In the last of Times Square’s peep shows, a man pays $40 to watch a girl strip naked behind glass. These institutions, left over from the days when 42nd Street was the vicious center of vice, will soon disappear completely from a rapidly gentrifying New York City, their stories lost forever. Yet, the story of the peeps is too interesting and too vital to the history of Times Square not to be told.
In The Last of the Live Nude Girls, Sheila McClear pulls back the curtain back on the little-documented world of the peep shows and their history. A late bloomer from the Midwest, McClear became a stripper in the peeps after finding herself adrift in New York. But after-dark Times Square seeped into her blood, and she ended up staying much longer than she imagined. The story she tells is not just of her own coming-of-agenor is it one of sex and vice and salaciousness. Rather, it is a redemptive narrative of modern life on the fringes of society in New York City.
Praise for The Last of the Live Nude Girls
"[McClear] finds new ground not only in the specificity of her subject matter, but in the strength of her account of just how easily she drifted into a life she neither asked for nor expected . . . The real accomplishment of Live Nude Girls isn't the descriptions of the underwear McClear wore, or the racial dynamics of the sex industry, or even the history of the peep show in New York City, as interesting and well reported as all of that is. The most compelling aspect of The Last of the Live Nude Girls is that it illustrates just how easily one can wind up living a life outside the margins." Portland Mercury
Ms. McClear’s closeness to the material most enriches her reporting when it comes to her coworkers. Despite their outsized personalities, they could have wound up sounding as interchangeable as their stage names, but with Ms. McClear’s writing, even their tattoos are memorable. Their substance abuse becomes familiar, occasionally even endearing, in a madcap way. Ms. McClear also has a keen ear for dialogue.” New York Observer
A richly informative read, helped by Ms. McClear’s erudite, laconic style . . . The Last of the Live Nude Girls offers a unique fragment of New York history that allows us to better understand a specific aspect of the Times Square underworld at thae very moment before its demise.” New York Journal of Books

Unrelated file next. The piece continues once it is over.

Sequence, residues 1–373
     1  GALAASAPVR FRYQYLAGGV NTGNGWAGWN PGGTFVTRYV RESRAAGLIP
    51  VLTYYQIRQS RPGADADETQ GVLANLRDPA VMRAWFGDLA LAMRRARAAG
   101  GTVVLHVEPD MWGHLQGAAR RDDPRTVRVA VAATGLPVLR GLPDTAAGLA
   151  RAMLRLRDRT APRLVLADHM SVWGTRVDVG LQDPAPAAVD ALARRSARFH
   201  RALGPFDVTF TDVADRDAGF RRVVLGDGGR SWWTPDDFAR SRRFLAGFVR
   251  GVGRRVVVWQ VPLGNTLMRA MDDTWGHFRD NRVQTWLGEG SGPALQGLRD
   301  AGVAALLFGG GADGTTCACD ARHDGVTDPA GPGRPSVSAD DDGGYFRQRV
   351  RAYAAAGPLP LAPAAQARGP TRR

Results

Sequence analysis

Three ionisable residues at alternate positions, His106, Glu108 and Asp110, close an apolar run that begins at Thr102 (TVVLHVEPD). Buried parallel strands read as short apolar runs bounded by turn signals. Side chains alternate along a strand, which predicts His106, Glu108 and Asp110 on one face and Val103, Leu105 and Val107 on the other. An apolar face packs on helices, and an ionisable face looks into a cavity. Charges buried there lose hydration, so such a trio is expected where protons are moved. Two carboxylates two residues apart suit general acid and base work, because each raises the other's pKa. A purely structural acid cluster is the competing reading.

"Sheila McClear's sharp, sweetly personal account of New York's vanished tenderloin asks the question if such supposedly degrading places are such a blight, why do we remember them with such fondness? A fascinating and honest read." Mark Jacobson, author of The Lampshade and American Gangster
"While Alice took us through the looking glass, Sheila McClear takes us through the peep show glass. The result is an unforgettable memoir of a young woman fleeing the decaying city of Detroit only to wind up stripping during the waning days of Triple-X Times Square. Baring both body and soul within the pages of The Last of the Live Nude Girls, McClear arrives on the literary scene dressed for success." Charles Kipps, author of Hell’s Kitchen Homicide and Crystal Death
"Sheila McClear's beautifully detailed account of her life as a peep-show girl reads as both a eulogy and a paean to the freaks and misfits who have long given their souls to the city. Filled with psychological insight, metaphor, and above all empathy, this book should be read by anyone who has ever taken or even contemplated extreme measures to escape the pain and tedium of life, with the hope of finding some meaning or redemption along the way." Matthew Gallaway, author of The Metropolis Case
I was beginning to think Manhattan was all about food, fashion, shopping, and real estate until reading this fascinating memoir. McClear has a voice all her own, and I was thrilled to discover a history of the peeps’ at the end. I can’t decide which is more impressive: the heroic reporting or what she did with it.” George Gurley, author of George & Hilly
Sheila McClear is a reminder that kids can still arrive in New York City from Nowheresville and break in with some serious grit, hard work, and talent.” Out Magazine
"As Sheila McClear recounts her tangled trip through the infamous 8th Avenue peep shows, she does so with strong, clear prose and a remarkable command of detail and memory. It's impossible not to feel yourself slipping right along with her into the claustrophobic, bleach-scented booths where she revealed much more than she ever thought she would. McClear not only plumbs her own depths, but also Manhattan's, caught on the cusp of past and present and forever negotiating the boundary." Jennifer Mascia, author of Never Tell Our Business to Strangers
"Everyone is required to buy two copies." Gawker
"Eye-opening, gritty, and compelling." The Paris Review
"Quirky, weird, funny, smart and sad, and it offers a window (not the kind with a naked girl behind it) into a part of seedy, freaky New York not many get to know intimately." xoJane.com